Innovation and change are expected on the web. Sometimes they can still be surprisingly fast paced. So it is with WordPress. Version 3.6 was only released in August, and just a few months later, 3.7 is here.
It’s packed with a lot of new features that are sure to make WordPress even better. I’ll cover the big ones in this post. But this new version represents more than just a few new features. It had the fastest turnaround of any version in WordPress history, but it is (in my humble opinion) also arguably the biggest update in a long time.
Why? Read on to find out.
Gone are the days of manually updating to the newest build of a version. Gone are the days of wasting time updating for security fixes. In WordPress 3.7, it’s all automatic.
It seems simple on the surface and it might not even be a huge leap. Nonetheless, time is money, and automatic updates will save time for everyone who runs their site(s) on WordPress.
It will also ensure speedier updates when security patches come out, arguably making WordPress that much safer in the process.
Automatic updates will only update to different builds of the same version you already have installed. You will still have to manually choose to upgrade to major releases (for example, 3.8).
For technical reasons, a few people might not have access to automatic updates. You can go to Dashboard > Updates to see if your version is working.
WordPress’s language functionality will improve with 3.7. We don’t yet know all of the information related to this change, but it looks to be an example of incremental improvement.
If you are running WordPress in a language other than English, your installation will automatically download any available translations for official default WordPress themes.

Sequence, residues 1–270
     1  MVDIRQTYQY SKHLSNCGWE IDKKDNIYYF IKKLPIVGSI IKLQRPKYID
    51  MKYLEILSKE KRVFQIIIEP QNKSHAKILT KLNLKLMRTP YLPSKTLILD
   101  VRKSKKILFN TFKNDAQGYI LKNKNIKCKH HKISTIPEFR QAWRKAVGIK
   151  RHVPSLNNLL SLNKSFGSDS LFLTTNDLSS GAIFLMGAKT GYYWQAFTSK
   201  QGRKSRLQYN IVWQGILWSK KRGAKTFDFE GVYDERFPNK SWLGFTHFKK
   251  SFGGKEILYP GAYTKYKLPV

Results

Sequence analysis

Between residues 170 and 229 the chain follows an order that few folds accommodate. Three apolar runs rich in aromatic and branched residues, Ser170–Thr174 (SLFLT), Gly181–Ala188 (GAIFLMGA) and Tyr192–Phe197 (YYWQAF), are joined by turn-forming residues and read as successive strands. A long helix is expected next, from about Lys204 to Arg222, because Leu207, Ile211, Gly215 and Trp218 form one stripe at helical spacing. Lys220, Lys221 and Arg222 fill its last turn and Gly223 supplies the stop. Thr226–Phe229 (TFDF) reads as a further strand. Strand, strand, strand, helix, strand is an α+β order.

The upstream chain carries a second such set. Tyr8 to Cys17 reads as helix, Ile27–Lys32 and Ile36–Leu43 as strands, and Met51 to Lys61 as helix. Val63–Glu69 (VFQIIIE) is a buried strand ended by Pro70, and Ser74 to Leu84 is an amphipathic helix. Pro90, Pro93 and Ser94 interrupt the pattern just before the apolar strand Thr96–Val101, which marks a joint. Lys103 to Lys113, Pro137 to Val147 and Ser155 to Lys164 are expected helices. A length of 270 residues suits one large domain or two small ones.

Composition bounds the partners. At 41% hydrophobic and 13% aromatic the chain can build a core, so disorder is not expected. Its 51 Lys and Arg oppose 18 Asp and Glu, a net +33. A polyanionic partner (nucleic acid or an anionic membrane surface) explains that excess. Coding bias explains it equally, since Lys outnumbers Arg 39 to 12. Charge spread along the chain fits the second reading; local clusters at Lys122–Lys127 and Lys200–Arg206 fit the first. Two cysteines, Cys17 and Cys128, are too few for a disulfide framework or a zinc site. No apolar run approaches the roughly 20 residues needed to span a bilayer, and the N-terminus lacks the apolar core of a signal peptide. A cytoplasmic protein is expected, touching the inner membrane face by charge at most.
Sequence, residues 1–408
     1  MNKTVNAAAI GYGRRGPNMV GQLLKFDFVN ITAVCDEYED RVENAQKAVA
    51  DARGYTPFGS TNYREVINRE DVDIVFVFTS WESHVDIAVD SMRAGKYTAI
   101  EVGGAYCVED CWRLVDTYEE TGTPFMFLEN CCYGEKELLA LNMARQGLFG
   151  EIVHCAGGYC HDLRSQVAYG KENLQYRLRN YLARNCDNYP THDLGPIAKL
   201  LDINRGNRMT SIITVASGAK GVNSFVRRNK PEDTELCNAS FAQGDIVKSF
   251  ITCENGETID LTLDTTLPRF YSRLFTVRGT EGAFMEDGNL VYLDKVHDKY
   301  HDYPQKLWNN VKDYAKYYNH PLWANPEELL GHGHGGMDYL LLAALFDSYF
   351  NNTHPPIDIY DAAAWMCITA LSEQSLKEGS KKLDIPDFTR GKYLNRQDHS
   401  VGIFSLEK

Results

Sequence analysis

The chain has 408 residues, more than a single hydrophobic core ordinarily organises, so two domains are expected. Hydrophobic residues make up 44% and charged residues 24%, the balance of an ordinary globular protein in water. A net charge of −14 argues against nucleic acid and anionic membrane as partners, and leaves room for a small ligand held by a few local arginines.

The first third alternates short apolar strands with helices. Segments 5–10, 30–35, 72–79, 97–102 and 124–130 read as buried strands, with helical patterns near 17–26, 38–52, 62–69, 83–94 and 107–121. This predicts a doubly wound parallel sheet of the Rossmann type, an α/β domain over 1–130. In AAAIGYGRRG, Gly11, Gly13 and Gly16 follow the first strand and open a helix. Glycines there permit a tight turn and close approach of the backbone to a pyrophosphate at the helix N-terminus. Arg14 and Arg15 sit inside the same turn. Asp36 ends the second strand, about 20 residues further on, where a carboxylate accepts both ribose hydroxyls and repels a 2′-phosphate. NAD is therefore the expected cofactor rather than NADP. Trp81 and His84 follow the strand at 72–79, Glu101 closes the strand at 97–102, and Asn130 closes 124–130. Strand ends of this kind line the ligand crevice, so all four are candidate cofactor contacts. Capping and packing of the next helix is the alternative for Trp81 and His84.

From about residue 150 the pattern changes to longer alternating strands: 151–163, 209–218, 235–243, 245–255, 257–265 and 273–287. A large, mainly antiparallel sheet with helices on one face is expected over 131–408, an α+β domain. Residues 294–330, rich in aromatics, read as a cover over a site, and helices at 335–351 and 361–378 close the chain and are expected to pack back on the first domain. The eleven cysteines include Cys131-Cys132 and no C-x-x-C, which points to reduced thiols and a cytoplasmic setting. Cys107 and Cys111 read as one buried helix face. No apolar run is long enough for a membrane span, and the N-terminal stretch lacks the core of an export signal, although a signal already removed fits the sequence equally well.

The web is a global phenomenon and WordPress powers nearly 20% of it, so it makes sense that they’re taking steps to make it an easier platform even for those who aren’t using it in English.
Improved Password Meter
One neat security update is an improved measure of password strength. The old, more conventional password strength meter is being replaced with Dan Wheeler’s zxcvbn, which was first adopted by Dropbox.
Zxcvbn employs a better algorithm that more realistically measures the strength of passwords. Here’s what Dan had to say about other password meters:
Simplistic strength estimation gives bad advice. Without checking for common patterns, the practice of encouraging numbers and symbols means encouraging passwords that might only be slightly harder for a computer to crack, and yet frustratingly harder for a human to remember.
By including zxcvbn, 3.7 corrects for those problems, thus making WordPress a little bit more secure.
Unveiling the New WordPress Search
Now let’s talk about what’s really got me excited: WordPress search is getting a major overhaul.
Given that just about everyone surfs the web primarily via search (i.e. Google), I believe that having decent search functionality on your site is a must. WordPress has never delivered on that front in the past, but is this about to change?
The Old Deficiencies
Consensus has long held that WordPress search was lacking – extremely lacking. Even back in 2008, Joost de Valk pointed out that “WordPress default search kinda sucks.”
It’s barely got any better since – since then, five years have flown by without any significant updates to WordPress search functionality.
The problems with WordPress search are myriad. Its search algorithm only looks for an exact match to the user’s query – nothing less, nothing more. That is a painfully outdated way of doing things, but it isn’t even the worst aspect of the search experience.
Search results are sorted in chronological order, regardless of relevance. Rather than getting results containing the most relevant posts, users get those that are the most recent.
Furthermore, there are no search refinement or filtering options: you can’t search within a specific category or search within your search results.
Why This New Version Is a Huge Improvement
Not all of these issues have been fully addressed. But while the search changes may not be perfect, they haven’t received as much buzz as they deserve. For the first time in years, WordPress search is seeing some meaningful change.
For one, search is a lot more flexible in terms of what combinations of keywords it looks for and how it arranges those results. Here is the new ordering logic:
- Match full sentence to post titles.
- Look for all search terms in post titles.
- Look for any search terms in post titles.
- Match full sentences in posts content.